Like a lot of other folk I gave up making new year resolutions a long time ago because the resolve would normally last until the 2nd or 3rd of January before slipping quietly unnoticed into the flotsam and jetsam of recent history, never to be seen again. But for 2013 I made two resolutions – the first was to get current with my wildlife diaries which have been appallingly neglected for far too long – and the second resolution was not to condemn the first one to the black hole into which it would normally be swallowed. And so far so good, hence I’m feeling rather pleased with myself.
This years listings can be found here at ‘Histon Wildlife Diaries 2013‘ and if you notice gaps of more than a couple of weeks opening up please feel free to leave a pointed reminder that I need to get my finger out and get up to date!
As a consequence of my girded up loins and renewed efforts I’ve been spending more time peering into the garden to see which creatures are in residence. Just before Christmas I saw the first blackcap in the garden, it was a male with his coal-black cap, like a judge about to hand down the ultimate sentence, and he stayed for all of 2-3 seconds before zooming off into the sanctuary of our neighbours orchard. And of course I was very pleased with this visitation because it’s always good to welcome a newcomer.
Then a couple of weeks ago when the winter weather was at its filthiest here in Cambridge a female appeared and spent some time refuelling on my fatball feeder:
The birdcam used to be around 6m away from where it is now but there were very few takers for the lardy delights on offer. But since I moved it to its current location it has been busy every day with numerous bird species. The reason for the change is the lack of cover in the original location which left the birds exposed to the possibility of predation by the local sparrowhawk. But now they have cover within a metre or so and and I can sit and watch them all in close up on the TV. And one of the first to arrive after I moved it was my lady blackcap, who you’ll have immediately noticed has a rufous brown cap, not the blackcap of the male. The specific name ‘atricapilla‘ means ‘blackcap‘ and the Danish name ‘munk‘ means ‘monk‘. I wonder which godly habits gave him that name, or is it simply his ecclesiastical bonnet?
She arrived early on a murky morning, fed quickly and left, and that was the last I’ve seen of her. But a couple of days later a male blackcap arrived and he’s been visiting several times a day every day ever since then:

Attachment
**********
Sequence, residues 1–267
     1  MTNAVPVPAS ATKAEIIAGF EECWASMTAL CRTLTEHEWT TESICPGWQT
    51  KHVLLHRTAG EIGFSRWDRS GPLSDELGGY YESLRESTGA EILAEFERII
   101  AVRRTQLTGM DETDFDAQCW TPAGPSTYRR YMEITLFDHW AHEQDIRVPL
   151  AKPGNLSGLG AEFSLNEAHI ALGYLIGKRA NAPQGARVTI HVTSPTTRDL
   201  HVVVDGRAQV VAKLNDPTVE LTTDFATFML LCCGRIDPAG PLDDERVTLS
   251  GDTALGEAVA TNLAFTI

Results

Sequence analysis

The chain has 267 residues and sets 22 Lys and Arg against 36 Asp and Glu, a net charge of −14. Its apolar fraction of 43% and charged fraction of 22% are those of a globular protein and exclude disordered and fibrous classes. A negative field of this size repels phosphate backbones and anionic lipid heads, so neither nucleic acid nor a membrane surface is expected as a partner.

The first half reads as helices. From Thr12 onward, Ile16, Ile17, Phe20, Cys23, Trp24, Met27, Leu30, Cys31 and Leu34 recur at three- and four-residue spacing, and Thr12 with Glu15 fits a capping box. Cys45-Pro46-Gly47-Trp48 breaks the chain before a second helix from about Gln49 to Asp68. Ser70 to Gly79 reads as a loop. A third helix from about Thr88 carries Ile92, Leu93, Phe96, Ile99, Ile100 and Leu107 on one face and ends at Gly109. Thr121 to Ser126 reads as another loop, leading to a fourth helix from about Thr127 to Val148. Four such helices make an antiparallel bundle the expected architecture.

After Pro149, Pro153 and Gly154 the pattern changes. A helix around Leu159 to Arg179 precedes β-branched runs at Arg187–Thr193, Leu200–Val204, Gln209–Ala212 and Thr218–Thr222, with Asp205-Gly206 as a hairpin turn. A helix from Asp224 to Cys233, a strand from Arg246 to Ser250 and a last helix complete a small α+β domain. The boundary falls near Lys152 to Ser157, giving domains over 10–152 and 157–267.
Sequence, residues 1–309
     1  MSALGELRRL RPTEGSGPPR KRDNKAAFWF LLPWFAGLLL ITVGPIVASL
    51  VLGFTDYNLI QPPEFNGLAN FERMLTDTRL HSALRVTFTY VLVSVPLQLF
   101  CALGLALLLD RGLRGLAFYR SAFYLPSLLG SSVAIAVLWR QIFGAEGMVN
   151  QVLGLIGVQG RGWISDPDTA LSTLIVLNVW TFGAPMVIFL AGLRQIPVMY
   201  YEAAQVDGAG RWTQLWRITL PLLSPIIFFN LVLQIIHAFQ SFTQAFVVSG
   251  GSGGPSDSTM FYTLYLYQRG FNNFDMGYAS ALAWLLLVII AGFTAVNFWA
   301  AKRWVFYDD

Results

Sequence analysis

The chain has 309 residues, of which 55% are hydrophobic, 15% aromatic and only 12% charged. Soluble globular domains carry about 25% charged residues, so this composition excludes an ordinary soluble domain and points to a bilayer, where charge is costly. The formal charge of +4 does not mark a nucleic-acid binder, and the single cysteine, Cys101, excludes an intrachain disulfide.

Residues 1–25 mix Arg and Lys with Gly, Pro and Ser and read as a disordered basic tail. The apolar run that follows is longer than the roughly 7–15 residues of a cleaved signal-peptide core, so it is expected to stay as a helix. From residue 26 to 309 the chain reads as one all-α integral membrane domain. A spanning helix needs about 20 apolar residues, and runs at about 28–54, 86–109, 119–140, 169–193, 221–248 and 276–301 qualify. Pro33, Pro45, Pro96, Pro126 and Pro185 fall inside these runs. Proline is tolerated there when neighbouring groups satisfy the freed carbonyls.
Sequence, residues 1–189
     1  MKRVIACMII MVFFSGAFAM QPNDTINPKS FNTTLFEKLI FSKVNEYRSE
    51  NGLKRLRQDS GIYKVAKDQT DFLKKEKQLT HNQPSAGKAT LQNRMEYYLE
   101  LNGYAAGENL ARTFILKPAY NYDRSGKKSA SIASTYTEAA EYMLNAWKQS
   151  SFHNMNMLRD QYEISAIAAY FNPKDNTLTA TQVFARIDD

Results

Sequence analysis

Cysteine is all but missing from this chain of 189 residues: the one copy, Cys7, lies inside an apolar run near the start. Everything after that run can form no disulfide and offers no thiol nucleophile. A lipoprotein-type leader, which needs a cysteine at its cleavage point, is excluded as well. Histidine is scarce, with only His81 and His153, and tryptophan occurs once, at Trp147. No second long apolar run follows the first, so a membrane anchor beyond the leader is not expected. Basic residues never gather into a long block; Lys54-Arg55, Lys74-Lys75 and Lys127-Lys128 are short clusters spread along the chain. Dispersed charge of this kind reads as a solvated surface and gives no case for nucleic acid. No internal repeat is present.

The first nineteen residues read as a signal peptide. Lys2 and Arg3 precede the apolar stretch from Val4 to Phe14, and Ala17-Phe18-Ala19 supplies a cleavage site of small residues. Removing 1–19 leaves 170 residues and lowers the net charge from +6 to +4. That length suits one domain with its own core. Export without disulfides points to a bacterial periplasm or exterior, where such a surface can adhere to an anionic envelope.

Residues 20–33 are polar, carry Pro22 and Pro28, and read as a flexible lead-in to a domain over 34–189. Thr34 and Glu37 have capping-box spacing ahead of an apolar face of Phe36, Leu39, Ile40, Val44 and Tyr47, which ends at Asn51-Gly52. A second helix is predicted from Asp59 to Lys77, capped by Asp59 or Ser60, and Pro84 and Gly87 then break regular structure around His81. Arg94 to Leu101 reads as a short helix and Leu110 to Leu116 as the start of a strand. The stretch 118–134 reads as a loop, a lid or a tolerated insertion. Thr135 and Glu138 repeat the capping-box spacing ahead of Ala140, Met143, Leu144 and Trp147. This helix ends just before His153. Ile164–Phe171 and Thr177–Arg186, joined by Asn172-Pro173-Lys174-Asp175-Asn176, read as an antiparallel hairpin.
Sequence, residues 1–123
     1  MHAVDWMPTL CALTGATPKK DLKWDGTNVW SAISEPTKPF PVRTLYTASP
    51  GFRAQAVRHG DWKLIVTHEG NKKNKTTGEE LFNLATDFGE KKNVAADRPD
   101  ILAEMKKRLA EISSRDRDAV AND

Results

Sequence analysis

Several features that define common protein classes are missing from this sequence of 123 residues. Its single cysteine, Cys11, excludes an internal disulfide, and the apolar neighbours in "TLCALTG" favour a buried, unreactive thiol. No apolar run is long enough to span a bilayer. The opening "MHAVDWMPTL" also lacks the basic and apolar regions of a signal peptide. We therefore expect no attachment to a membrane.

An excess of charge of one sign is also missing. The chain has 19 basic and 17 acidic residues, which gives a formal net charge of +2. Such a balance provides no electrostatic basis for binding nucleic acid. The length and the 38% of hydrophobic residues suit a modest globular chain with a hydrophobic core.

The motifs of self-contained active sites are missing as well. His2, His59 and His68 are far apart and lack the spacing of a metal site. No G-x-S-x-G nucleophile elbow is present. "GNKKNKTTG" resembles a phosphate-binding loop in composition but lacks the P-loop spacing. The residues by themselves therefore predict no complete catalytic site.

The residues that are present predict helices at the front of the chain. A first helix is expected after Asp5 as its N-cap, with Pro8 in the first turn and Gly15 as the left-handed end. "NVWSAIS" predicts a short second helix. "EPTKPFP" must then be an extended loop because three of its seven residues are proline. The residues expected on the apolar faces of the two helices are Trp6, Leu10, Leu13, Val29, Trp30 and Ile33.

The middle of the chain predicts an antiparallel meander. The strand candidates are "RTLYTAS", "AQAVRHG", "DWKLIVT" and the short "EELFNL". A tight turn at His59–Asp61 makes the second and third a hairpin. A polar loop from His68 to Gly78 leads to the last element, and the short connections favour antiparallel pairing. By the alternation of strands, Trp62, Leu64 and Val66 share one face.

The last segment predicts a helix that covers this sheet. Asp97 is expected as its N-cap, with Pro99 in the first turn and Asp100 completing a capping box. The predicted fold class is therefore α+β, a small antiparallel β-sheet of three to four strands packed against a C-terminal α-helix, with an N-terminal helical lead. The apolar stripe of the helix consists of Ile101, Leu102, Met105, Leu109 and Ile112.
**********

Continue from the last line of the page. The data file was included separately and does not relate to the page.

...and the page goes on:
I’m puzzled as to why the female has been so conspicuous by her continued absence, I guess that now the weather is considerably more pleasant she is more comfortable feeding out in the countryside.
The male doesn’t restrict himself to ground feeding on fruit but is a more regular visitor to the fatballs.
And he tops up with water too. In the picture below he is wary of the goldfinch nibbling niger seed on the adjacent feeder. He was also aware of my presence behind a glass door around 8m away and when the goldfinch disappeared he threw numerous glances in my direction, but so long as I remained still he wasn’t too bothered.
Until recently it was thought that the blackcap was a migrant breeder here in the UK and that they spent their winters in Africa, apart from a sub population that remained here in the winter. But it is now thought that all of ours overwinter south of the Mediterranean and our winter visitors are a separate population from central Europe which migrate here to overwinter. In which case my visitors will be heading back east in the near future. After that I’ll hopefully see and hear our migrant breeders out in the hedgerows where they make a distinctive call which I think sounds like someone flint-knapping.
The British Trust for Ornithology have published a factsheet about blackcaps and their migration behaviour which is worth a read. We also have passage visitors as Scandinavian birds head south and it appears that garden bird feeders are having a major impact on the behaviour of blackcaps and other species too, such as nuthatch, which are now spreading into Scotland, assisted by garden feeding and climate change.